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Physical Geography

by: Lenore West

Physical Geography GEO 206

Lenore West
GPA 3.79

N. Moore

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N. Moore
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This 4 page Class Notes was uploaded by Lenore West on Saturday September 19, 2015. The Class Notes belongs to GEO 206 at Michigan State University taught by N. Moore in Fall. Since its upload, it has received 17 views. For similar materials see /class/207446/geo-206-michigan-state-university in Geography at Michigan State University.


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Date Created: 09/19/15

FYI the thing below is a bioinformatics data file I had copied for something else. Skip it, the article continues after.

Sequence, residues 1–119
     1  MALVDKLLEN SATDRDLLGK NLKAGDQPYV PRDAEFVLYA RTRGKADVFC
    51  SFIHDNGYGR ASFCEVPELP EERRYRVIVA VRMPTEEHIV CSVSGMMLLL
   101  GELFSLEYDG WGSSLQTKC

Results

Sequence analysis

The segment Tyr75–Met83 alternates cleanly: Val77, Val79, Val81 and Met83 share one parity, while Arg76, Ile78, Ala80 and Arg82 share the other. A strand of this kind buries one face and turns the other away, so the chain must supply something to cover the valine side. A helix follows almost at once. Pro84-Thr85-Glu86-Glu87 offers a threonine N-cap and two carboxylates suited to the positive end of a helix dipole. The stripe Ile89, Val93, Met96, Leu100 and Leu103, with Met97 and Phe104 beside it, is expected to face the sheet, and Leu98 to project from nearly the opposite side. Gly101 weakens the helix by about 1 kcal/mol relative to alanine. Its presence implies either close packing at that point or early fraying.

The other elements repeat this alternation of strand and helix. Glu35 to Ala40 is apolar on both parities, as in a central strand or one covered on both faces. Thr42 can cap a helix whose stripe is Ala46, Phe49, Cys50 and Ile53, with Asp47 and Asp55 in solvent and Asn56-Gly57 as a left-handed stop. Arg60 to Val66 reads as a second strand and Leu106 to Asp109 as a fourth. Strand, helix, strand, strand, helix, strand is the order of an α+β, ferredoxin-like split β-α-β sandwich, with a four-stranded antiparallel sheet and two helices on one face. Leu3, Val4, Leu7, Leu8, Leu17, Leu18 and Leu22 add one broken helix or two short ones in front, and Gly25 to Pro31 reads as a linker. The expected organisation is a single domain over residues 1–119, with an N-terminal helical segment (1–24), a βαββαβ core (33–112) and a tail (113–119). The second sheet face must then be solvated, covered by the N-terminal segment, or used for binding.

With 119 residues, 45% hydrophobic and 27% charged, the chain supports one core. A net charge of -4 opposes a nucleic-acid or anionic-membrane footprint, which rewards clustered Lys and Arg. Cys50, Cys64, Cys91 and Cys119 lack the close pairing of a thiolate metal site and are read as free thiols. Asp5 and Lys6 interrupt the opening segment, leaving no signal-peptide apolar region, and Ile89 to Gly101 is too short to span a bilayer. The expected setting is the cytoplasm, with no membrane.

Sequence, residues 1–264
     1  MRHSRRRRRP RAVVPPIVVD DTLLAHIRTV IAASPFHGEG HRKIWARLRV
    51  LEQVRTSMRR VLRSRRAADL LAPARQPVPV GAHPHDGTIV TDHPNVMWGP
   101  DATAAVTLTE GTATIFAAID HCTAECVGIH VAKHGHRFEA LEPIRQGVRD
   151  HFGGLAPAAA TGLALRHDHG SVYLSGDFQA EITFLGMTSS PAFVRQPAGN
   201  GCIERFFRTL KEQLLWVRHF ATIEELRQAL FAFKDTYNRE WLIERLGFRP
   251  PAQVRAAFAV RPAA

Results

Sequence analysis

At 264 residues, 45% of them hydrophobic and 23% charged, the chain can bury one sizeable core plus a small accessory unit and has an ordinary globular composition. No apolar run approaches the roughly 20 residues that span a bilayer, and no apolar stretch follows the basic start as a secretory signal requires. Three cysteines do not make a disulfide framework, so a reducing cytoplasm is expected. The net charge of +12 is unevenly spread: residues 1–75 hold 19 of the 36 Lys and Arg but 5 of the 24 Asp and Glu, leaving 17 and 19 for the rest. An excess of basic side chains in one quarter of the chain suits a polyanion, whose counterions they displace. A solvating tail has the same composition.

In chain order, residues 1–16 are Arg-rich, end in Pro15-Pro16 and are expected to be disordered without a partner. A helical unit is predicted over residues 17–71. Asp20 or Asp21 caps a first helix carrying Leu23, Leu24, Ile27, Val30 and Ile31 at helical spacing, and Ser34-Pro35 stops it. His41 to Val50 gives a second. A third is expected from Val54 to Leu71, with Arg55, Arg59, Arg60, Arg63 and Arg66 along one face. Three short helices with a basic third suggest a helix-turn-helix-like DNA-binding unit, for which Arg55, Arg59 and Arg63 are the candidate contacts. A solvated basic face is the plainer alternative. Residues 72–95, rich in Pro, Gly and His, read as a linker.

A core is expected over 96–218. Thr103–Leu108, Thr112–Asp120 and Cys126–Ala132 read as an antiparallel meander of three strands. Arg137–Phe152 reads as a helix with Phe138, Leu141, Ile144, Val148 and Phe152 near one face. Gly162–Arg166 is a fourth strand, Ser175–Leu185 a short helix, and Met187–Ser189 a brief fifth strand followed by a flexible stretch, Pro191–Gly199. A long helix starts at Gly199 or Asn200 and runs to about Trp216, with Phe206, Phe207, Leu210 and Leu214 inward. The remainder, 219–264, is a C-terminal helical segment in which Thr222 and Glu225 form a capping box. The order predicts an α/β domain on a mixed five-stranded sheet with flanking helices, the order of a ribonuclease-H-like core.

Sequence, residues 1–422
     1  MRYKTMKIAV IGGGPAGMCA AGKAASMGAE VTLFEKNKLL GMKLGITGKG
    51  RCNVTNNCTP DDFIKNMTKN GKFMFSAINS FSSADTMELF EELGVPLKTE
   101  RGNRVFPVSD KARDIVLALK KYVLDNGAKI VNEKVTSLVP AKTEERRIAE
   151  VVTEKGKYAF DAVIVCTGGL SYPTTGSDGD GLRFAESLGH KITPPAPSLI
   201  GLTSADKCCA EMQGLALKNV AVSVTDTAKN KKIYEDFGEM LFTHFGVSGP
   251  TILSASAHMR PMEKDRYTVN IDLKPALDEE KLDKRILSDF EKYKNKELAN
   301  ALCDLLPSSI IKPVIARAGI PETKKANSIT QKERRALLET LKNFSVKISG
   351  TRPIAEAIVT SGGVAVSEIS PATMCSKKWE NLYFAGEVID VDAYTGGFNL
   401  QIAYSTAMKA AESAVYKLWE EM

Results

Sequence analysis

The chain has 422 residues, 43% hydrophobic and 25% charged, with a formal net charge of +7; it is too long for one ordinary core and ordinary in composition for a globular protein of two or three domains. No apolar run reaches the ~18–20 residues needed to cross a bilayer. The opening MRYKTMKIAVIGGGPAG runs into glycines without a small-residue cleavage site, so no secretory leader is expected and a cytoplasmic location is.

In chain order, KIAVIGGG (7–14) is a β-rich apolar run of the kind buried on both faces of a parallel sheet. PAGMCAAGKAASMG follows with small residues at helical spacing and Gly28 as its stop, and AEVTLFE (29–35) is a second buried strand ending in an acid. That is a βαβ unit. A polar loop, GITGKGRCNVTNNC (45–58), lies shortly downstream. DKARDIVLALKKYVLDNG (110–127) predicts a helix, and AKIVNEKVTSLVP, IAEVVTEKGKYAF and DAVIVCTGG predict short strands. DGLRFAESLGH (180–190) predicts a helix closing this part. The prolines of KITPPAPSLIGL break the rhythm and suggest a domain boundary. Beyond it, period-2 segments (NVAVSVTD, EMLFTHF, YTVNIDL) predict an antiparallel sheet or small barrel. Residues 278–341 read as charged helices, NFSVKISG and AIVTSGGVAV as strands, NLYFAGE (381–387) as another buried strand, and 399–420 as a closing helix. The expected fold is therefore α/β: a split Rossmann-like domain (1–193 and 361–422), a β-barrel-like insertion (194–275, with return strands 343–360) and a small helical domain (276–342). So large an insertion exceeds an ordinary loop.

Geography Exam Four Points to Cover 10 points missingso expect some more random questions 1 Evidence that the Earth was hit by Theia a Moon made from crap left over when the Earth and Mars collided 45 billion years ago the colliding body is known as the Greek titan Theia who was the goddess ofthe Moon b Both the Earth39s and Moon39s core contain the same silicon isotopic material showing that they were one body until separationthe Moon also has a similar composition c The Moon39s orbit and the Earth39s spin have identical directional courses 1 Samples from the Moon show that the surface was once molten caused by the collision 2 BIFs Banded iron formations a Pieces of Sedimentary rock usually from Precambrian age typical segment has continual thin layers of silver iron oxides and either magnetite or hematite that alternates with bands of reddish shales and cherts b Formed when bluegreen algae releases oxygen during photosynthesis and dissolved iron combine to make thin layers of shale and chert 3 Is it weird to have a lot of oxygen on Earth a No it39s not weird to have a lot of oxygen on Earth we have approximately 21 of it in the Earth39s lower atmosphere by volumeat an altitude of 25 km Along with methane it makes up most of our quotdry atmosphere Without oxygen life as we know it wouldn39t exist because it39s an essential part of photosynthesis and respiration Thus having oxygen at an altitude of 25 km is necessary for our survival b Important element in environmental science for living things the atmosphere and our Earth rocks 4 Layers of the EarthInner core outer core mantle crust a Inner Care a hot solid ball of iron mixed with nickel and other stuff probably growing as the planet cools i The inner core is theorized to be solid with a density of about 13 grams per cubic centimeter and a radius of about 1220 kilometers b M a hot super gooey layer of spinning liquid sheets and iron alloys that we think gives rise to the geomagnetic eldgtabout 7000 km in diameter i The outer core is liquid and has a density of about 11 grams per cubic centimeter It surrounds the inner core and has an average thickness ofabout 2250 kilometers c Mantle the thick gooey layer of liquid hot magma that oats between the crazy hot core and the surface layer moved by c0nvecti0ngt2900 km thick i comprises about 83 ofthe Earth39s volume It is composed of several different layers ii The upper mantleexists from the base of the crust downward to a depth of about 670 kilometers This region of the Earth39s interior is thought to be composed of peridotite an ultrama c rockmade up of the minerals olivine and pyroxene The top layer of the upper mantle 100 to 200 kilometers below surface is called the astheno sphere Scienti c studies suggest that this layer has physical properties that are different from the rest of the upper mantle The rocks in this upper portion of the mantle are more rigid and brittle because of cooler temperatures and lower pressures Below the upper mantle is the lower mantle that extends from 670 to 2900 kilometers below the Earth39s surface This layer is hot and plastic The higher pressure in this layer causes the formation of minerals that are different from those ofthe upper mantle d Crust the think 10 km surface layer that39s mostly solid rock composed of several giant plates or quottektonsquot basalt rich oceanic crust and granitic rich continental crust 5 Movement of the San Andreas faultin California a It39s atransform fault that is 1300 km long and is 10 km wide in some areas connects the East Paci c Rise southern divergent boundary and the South Gorda Explorer Ridge northern divergent boundary 6 3 Tectonic boundary movements a 14 major plates that move approximately 6 cm per year b Divergent boundarywhen plates pull away from each other and a new crust is made which means that oceans get wider or new ones are created on land it39ll make a separation that will get taller over time and then the land mass will break away 8 water will ll the space between time Iceland along the MidAtlantic ridge Convergent boundarywhen plate dives under another crust is destroyed and then put back into the Earth Subduction Zones since mountains and volcanoes are usually found where the plates converge 3 types 5391 i Oceanic Continental oceanic plate pushes into a continental plate C plate lifts and makes a mountain range while the O plate39s subducted underneathearthquakes sometimes follow the uplift because the 0 plate breaks into small pieces and later move alter being stuck in place for a long period oftime Oceanic Oceanic two oceanic plate converge and create a deep oceanic trench when one39s subducted under the otheralso create undersea volcanoes Continental Continental occurs when two continents collide into each other and neither subducts then the crust is either pushed ward or sideways P d Transform boundarywhen two plates slide horizontally and create shallow earthquakes mostly found on the ocean oor but a couple happen on land like the San Andreas fault 7 Ring of Fireaccording to Wikipedia a 40000 km horseshoe shape ring that39s located throughout the Paci c Ocean lots of earthquakes and volcanic erupts happen home to over 75 of the world39s active 8 dormant volcanoes 452 result of the plate tectonics and collisions movements of lithospheric plates 8 Permian Extinction KretaceousTertiary extinction antrnpoene era a Permianhappened 252 million years ago known as quotthe Great Dyingquot worse extinction because 96 of all marine and 70 of terrestrial vertebrate species became extinctlife on Earth recovery took approximately 10 million years b KTended the dinosaur era Germans named it occurred 65 million years ago at the end of the Maastrichtian ageassociated with the KT boundary thin band of sedimentation visible wherever rocks from that age are exposed c Antropcenemarks the evidence and extent of human activities that have had a signi cant global impact on the Earth39s ecosystems humans have accelerated the rate of species extinction and human activity has increased the atmospheric carbon dioxide content global warming 9 Did humans mammals coexist with dinosaurs a Based on fossil records DNA similarities and differences and species evolution mammals did coexist with dinosaurs for a short period of time before the extinction of dinosaurs The rst mammals evolved at the end of the Triassic period and lived alongside dinosaurs throughout the Mesozoic Era however mammals didn39t evolve like the species we have today until alter dinosaurs were extinct because the rst mammals were so tiny they survived the K T Extinction that doomed dinosaurs The survived off less food and their warmblooded metabolism helped keep them warm 10 How do you measure aging of stuff Is it just radiocarbon dating emical analysis radioactive material in rocks and fossil records has limitations because only 1 of species that lived have been identi ed 11 How does speciation work a It39s the process by which new species originate through mutations natural selection and evolution b Occurs when separate populations of a single species develop into distinct species when no interbreeding between populations occur and they isolate can be a good thing so that species learn to adapt better to their surroundings Galaoagos Finches with different beakssurvive longer 12 Explain the 56 kingdoms of life What are the differences Eukaryotichave nucleus prokaryoticno nucleus b Archea Protista group of organisms similar appearance to bacteria but not biochemicallygenetically that are adapted to live in extremely hostile habitats like hot springs thermal volcanic vents and saline pools singlecelled eukaryotesdiatoms amoebas dino agellates 57 P n s c Mone rasinglecelled prokaryotic organisms that lack chlorophyll but get their energy to survive through fermentation and respiration bacteria cyanobacteria and viruses 1 PlantaePlants autotrophic multicellular organisms that can make inorganic elements into organic compounds by using the Sun39s energy photosynthesis cell walls made of cellulose used to help build stem stree trunks and a central vacuole store water chemicals for growth and metabolism waste poison or ower pigments plantsannuals perennials e Fungimulticellula r ife forms with eukaryotic cell types that are different from plants because of its feeding strategies reproduction growth and physiological organization molds mushrooms and yeast f Animalsheterotrophic multicellular organisms with eukaryotic cell types and they must ingest organic molecules that are already produced to get food two unique tissue types nervous and muscle and most get offspring through sexual A J 39 animals 39 and 13 Explain primary and secondary minerals 39mary minerals are those that come from when rocks are weathered by physical means Quartz Si02 Feldspar KAlSi308 BiotiteKMggAlSi30 10 OH 2 AlbiteNaAlSi3 Os Muscovite KAl3Si3O 1o 0H2ltdominated by Si Al 0 b Secondary minerals are those that come from broken down rocks soil meaning when primary minerals are weathered by chemical means Silicate clays iron oxides aluminum oxides crystalline alumino silcate and cla sgtdominated by aluminum silicon and oxygen 14 Process structure time for rocks picture of somewhere in England r cess constructive destructive processes acting now or previously b Structure rock mass or unconsolidated material mass c Time landforms evolve through stages from continued actions of geomorphic processes 15 Iceland volcano thing what kind of volcano is it How is it different from those in Hawaii Eyjafiallaiiikull a Iceland has about 130 volcanoes but they vary in type unlike Hawaii which is made up of mostly shields It39s a composite volcano most common typetall and conical that39s made of many lava tephra pumice and volcanic ash layers Different b c they are known for steep pro les and periodic 8 quiet eruptions Most of the volcanoes in Hawaii are shields less commonlarge in size but they have low pro les lava travels farther than that of those from more explosive volcanoes i Shields in Hawaii largest and most prominent shield volcano chain in the world characterized by frequent rift eruptions cause y movement of the Paci c Plate ii Shields in Iceland none have erupted within the last 5000 years don39t follow the growth or destruction patterns of other shields 16 What are P 8 S waves P slinky and Swiggle waves in a rope F7 5391 9